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The MS Finance is a STEM (science, technology, engineering and mathematics) curriculum with 36 credits typically completed in three semesters. Some students extend to a fourth semester, and UB undergraduate students may be able to complete the program in two semesters. All majors are welcome; however, business, math, economics and engineering majors are ideally suited to the program, provided you have the requisite calculus background.
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Students taking this course should expect to learn about financial derivatives. Among others, students will learn about how to price financial derivatives and how to incorporate various real-world frictions into binomial trees and stochastic processes (such as underlying the commonly used Black & Scholes model). In a case-study we will use R programming to replicate the risk-neutral price of a variance swap (underlying the so called Volatility Index or VIX). The course will be of particular interest for students who contemplate pursuing a career in the financial industry, e.g. as a Quantitative Analyst. The required prior courses depend on your trajectory (e.g., MGF 633 "Investment Management" or MGF 634 "Quantitative Methods in Finance"). Please consult your study guide for details. In general, students are expected to possess good knowledge of mathematics and statistics. Students should also feel comfortable with Excel and some basic programming knowledge will be helpful. Mathematical, statistical, and Excel skills required for this course will be reviewed during the course.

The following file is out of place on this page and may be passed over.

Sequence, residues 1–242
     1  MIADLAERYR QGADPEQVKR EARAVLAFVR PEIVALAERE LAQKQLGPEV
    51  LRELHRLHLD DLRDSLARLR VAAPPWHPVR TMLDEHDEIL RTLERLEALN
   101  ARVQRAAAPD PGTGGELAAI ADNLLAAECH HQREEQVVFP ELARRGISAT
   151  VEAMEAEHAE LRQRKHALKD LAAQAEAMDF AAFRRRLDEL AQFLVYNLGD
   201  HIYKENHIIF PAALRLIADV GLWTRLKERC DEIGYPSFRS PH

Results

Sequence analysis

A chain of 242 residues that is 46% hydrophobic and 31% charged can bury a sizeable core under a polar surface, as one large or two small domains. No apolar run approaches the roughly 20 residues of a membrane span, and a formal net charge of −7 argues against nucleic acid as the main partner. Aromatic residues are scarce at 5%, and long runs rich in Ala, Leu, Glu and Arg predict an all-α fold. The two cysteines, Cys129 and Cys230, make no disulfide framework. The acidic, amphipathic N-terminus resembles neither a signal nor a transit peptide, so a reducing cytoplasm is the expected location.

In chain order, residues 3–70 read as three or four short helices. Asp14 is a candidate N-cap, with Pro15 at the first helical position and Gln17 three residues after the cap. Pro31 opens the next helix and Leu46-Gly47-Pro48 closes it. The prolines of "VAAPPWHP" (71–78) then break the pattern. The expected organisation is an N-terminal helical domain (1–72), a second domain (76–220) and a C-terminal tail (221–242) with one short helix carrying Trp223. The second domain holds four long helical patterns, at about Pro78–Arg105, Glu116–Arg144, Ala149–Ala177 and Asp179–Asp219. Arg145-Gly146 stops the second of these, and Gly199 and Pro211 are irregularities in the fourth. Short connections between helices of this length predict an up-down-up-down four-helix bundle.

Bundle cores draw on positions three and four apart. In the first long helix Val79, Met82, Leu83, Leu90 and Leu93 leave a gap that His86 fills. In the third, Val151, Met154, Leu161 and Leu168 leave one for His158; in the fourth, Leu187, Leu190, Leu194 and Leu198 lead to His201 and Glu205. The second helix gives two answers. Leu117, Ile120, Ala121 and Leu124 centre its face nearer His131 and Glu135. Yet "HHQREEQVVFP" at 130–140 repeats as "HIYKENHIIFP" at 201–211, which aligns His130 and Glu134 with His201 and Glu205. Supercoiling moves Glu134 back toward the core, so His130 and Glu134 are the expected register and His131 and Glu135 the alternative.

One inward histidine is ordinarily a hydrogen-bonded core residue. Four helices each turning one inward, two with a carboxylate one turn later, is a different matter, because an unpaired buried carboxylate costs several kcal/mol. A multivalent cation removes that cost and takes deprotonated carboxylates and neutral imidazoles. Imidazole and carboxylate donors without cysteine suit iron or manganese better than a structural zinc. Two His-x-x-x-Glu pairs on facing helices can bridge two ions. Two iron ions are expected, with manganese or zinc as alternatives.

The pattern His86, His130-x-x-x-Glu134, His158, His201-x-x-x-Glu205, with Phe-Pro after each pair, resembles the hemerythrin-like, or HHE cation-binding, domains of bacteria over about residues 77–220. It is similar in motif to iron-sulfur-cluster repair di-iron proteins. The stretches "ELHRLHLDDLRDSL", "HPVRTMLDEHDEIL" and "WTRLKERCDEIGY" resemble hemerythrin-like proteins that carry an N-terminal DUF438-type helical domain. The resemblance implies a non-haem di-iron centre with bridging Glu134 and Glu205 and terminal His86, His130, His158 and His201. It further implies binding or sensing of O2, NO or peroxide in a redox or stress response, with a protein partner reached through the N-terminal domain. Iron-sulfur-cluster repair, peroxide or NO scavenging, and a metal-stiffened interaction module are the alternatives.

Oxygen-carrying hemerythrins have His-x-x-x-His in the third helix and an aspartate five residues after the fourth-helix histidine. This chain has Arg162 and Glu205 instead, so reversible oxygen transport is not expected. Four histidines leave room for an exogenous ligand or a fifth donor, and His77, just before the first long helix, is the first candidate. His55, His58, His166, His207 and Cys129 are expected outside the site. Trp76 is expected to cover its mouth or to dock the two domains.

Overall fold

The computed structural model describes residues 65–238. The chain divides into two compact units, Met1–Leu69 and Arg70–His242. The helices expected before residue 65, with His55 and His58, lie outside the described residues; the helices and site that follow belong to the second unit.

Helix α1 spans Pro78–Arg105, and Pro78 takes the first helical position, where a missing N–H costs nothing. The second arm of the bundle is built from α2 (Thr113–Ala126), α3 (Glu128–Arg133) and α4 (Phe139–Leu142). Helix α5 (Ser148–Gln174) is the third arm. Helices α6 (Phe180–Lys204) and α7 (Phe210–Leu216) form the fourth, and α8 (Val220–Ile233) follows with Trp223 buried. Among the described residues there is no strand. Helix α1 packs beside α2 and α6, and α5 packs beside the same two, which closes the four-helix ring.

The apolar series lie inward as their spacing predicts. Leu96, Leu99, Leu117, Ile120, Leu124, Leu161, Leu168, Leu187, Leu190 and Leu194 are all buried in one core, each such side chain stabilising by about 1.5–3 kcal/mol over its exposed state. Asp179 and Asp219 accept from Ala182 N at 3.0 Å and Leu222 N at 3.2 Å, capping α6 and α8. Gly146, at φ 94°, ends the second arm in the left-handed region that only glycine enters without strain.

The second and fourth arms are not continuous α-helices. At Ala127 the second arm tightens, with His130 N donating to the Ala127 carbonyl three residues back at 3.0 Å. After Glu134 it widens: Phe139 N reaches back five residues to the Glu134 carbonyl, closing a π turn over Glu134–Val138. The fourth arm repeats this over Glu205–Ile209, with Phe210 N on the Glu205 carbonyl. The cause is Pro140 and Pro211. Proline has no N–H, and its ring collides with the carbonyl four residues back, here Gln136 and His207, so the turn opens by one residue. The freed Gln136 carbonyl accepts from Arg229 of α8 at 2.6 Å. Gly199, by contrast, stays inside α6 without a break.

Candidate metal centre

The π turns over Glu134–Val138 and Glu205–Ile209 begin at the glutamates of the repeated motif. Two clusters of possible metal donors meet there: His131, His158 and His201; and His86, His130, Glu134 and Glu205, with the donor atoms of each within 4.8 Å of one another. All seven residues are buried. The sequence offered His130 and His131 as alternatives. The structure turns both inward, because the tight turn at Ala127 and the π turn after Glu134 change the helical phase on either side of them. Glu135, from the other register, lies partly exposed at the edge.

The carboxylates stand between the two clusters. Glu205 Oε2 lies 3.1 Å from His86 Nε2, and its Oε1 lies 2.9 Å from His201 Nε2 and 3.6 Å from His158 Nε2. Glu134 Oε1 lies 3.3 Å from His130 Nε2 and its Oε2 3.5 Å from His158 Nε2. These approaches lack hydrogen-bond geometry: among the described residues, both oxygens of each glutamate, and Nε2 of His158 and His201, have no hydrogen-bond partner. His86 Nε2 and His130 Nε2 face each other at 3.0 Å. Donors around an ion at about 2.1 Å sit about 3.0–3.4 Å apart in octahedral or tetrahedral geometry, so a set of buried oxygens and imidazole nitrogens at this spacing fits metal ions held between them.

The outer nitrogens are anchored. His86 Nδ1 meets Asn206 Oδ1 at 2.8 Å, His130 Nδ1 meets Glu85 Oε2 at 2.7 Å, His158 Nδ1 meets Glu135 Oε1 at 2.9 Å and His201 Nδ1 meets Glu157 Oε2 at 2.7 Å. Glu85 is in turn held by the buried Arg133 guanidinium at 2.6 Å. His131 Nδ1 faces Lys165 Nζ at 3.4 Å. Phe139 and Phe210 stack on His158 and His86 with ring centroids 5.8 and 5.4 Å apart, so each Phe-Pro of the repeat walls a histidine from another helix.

Semesters offered: Spring 2020
In this course, students will use financial econometric models to analyze problems of model specification, estimation, analysis and forecasting commonly faced by analysts in financial markets. The course materials cover the measurement and estimation of asset returns, earnings, macroeconomic data, risk and related applications in financial data analysis and visualization. Topics include regression analysis of time series/ARIMA models, multiple regression specifications and models of asset volatility including ARCH and GARCH. Throughout the course, students will use the statistical functions of the R programming language to analyze, model and forecast a variety of financial data.
Semesters offered: Fall 2019 | Spring 2020
This is a course about fixed-income securities and markets. It covers topics that are important for any MBA student that anticipates hedging interest rate exposures or otherwise transacting in the fixed-income market. The course reviews basic bond pricing concepts and important features of interest rate futures and options contracts. It also introduces a few (somewhat complicated) models of the term structure. This is a rigorous course that requires students to be familiar with basic investments and calculus concepts. While MGF633 is not a prerequisite for this course, students that are taking MGF633 simultaneously with the course will be better prepared. Like most finance courses, the course focuses more on lasting financial principles than on current institutional details.
Semesters offered: Spring 2020